Me, Earl and the Dying Girl
4.5 out of 5 stars
Packaged as a quirky coming-of-age story, Me and Earl and the Dying Girl surprisingly becomes a magnificent drama with an unexpected depth. In amongst the story of a self-centred teenage boy comes a portrait of loss, love and life. The central character from Jesse Andrews' novel is Greg (Thomas Mann) who lives a shallow high school existence that is independent of meaningful relationships and conflict. His only friend is Earl (RJ Cyler), a childhood friend who partners with Greg in avoiding most of high school's trappings and together they make film parodies. They exist throughout their final scholastic year without much drama until Greg is asked by his mother to visit Rachel (Olivia Cooke). She is a classmate who has been diagnosed with leukaemia. Greg and Rachael try to make the best of an awkward situation and satisfy their parent's request to connect. Their relationship moves from standoffish to a symbiotic existence. They come to realise they need each other's support and friendship through this traumatic time. Unlike many John Green novels or John Hughes films, this story has a realistic depth in its many layers of life's trials.
One of the overarching elements of the film is Greg and Earl's film making throughout their formative years. Their search for avaunt-garde movies allows for a development of a list that should be seen by all film students. One film that should be added to Greg and Earl's list is this Alfonso Gomez-Rejon film. Me and Earl and the Dying Girl is difficult to classify, because unlike the typical hormonally-charged, coming-of-age films, this story tackles deeper considerations of life and death. With a mix of unconventional humour, Wes Anderson-style visuals and poignant dialogue it provides the base for a profound narrative. Mann, Cyler, and Cooke's performances allow them to develop their characters in a well-paced manner. As the storyline unfolds it makes for an expansiveness that moves beyond cliche and proves to be quite endearing. They are brilliantly supported by veteran cast members who expand the breadth of the script. To support the wealth of acting talent, the stylised cinematography proves to be unsettlingly skilful. The visuals add to the storyline by perfectly depicting the drama portrayed on the screen. The direction of Gomez-Rejon manages to deliver an exquisite, emotionally-charged drama that's only limitation is being categorised as a mere teen-aged, coming-of-age adventure.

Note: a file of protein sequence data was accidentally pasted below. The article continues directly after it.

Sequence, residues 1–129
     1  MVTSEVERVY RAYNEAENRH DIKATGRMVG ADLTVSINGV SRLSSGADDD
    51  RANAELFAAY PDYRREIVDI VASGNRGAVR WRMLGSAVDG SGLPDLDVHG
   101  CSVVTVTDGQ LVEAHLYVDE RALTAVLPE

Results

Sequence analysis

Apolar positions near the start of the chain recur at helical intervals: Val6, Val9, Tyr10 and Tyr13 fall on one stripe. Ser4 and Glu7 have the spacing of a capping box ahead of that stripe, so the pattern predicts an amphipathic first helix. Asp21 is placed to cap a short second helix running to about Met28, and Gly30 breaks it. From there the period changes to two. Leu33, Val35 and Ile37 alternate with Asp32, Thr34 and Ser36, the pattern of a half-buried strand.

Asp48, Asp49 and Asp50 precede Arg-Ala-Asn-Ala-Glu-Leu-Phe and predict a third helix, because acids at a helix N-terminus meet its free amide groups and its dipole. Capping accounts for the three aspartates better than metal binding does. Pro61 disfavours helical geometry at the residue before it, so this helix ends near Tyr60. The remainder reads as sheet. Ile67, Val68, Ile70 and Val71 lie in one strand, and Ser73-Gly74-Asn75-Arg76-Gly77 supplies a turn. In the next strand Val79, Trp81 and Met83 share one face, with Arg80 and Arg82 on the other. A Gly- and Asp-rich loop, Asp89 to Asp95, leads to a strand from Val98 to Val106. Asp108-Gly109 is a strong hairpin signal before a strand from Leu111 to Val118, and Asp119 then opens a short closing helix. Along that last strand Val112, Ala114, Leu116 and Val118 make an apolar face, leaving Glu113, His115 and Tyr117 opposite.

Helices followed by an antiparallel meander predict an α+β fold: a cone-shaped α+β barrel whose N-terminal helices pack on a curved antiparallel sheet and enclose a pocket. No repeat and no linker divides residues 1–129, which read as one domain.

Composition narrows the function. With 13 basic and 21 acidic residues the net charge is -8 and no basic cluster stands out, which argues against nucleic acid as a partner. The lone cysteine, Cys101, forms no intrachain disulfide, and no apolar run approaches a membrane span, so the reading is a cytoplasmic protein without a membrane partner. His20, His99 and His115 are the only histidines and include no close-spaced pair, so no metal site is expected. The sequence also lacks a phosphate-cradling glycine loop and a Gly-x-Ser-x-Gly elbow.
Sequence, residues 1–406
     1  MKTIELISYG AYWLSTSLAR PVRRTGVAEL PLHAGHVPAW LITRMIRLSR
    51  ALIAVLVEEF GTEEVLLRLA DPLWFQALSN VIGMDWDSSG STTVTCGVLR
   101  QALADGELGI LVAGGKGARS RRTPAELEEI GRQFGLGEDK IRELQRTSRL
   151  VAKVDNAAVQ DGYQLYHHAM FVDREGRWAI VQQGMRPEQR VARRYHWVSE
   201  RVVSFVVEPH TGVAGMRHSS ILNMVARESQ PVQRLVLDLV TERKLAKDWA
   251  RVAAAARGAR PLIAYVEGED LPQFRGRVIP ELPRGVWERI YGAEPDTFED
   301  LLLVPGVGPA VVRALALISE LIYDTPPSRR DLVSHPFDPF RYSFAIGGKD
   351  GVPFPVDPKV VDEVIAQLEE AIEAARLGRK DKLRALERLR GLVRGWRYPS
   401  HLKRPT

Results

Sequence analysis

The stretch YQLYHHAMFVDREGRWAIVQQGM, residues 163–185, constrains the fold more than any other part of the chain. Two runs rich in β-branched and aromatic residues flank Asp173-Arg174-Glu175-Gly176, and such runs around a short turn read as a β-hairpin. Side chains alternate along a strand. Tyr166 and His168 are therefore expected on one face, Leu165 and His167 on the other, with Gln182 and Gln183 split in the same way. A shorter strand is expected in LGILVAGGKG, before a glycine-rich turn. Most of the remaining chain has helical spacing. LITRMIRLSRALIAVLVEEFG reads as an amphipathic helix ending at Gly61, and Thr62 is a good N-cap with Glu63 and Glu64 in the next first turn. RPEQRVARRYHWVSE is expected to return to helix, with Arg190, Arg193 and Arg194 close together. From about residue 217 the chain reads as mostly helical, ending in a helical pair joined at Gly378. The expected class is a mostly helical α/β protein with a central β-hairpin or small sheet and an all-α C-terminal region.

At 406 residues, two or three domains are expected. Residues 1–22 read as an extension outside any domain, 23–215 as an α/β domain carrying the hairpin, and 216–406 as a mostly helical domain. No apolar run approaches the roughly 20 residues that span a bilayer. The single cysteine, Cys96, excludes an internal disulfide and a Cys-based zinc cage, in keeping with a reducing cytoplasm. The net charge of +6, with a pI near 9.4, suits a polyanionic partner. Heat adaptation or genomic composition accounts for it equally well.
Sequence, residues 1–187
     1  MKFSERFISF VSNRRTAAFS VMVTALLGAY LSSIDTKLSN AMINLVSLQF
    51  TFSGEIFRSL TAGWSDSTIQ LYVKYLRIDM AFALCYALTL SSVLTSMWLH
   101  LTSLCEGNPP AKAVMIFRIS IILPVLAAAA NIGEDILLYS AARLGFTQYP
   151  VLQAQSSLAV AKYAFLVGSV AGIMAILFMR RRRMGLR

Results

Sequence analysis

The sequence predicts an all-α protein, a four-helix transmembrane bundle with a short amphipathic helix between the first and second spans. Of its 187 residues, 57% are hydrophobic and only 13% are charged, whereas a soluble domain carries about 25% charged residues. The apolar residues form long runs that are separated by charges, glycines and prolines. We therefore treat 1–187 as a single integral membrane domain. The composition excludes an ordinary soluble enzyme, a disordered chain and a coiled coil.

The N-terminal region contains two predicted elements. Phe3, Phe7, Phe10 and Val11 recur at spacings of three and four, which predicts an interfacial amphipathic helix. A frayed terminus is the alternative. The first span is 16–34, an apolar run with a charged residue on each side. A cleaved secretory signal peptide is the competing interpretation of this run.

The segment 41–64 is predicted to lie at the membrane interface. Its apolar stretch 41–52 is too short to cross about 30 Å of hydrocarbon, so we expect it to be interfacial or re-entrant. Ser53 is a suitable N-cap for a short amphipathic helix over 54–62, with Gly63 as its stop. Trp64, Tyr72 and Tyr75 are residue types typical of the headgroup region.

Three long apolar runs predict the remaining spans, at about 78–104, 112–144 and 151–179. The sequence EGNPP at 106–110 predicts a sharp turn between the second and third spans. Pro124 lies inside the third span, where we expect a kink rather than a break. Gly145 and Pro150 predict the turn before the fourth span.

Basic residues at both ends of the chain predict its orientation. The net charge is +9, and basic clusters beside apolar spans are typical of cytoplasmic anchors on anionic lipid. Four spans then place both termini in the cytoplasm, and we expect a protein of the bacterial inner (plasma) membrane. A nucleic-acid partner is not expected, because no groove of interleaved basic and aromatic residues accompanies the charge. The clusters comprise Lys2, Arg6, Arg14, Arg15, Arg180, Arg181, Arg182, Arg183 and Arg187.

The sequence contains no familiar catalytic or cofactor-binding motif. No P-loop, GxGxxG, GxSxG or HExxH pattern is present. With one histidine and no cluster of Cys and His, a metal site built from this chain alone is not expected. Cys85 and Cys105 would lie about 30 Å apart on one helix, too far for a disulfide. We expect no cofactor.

A rare cinematic outing like Me and Earl and the Dying Girl engages with the consideration of loss and death, but provides discussion points about life. One of the key queries that comes out is what we choose to do with this gift of life? Jesse Andrew's screenplay of friendship is woven together with a confronting evaluation of life, even life after death. This is brought to a head with a dialogue between Greg and his teacher, Mr. McCarthy, that challenges the teen to understand more about the life we live and the life that is left behind for others to remember. In amongst the darkness of death, this film sheds a new kind of light on life. It is entertaining, but produces thoughtful discussion points for a multitude of future conversations.
Reel Dialogue: What are some of the bigger questions to consider from this film?
1. What does the Bible have to say about death? (John 14:1-3, 2 Corinthians 5: 6-8)
2. Can we find true redemption in this life? (Romans 3:24-26, Ephesians 1:7)
3. Where can we find real love, hope and joy in this broken world? (Acts 24:14-16, Romans 8:24)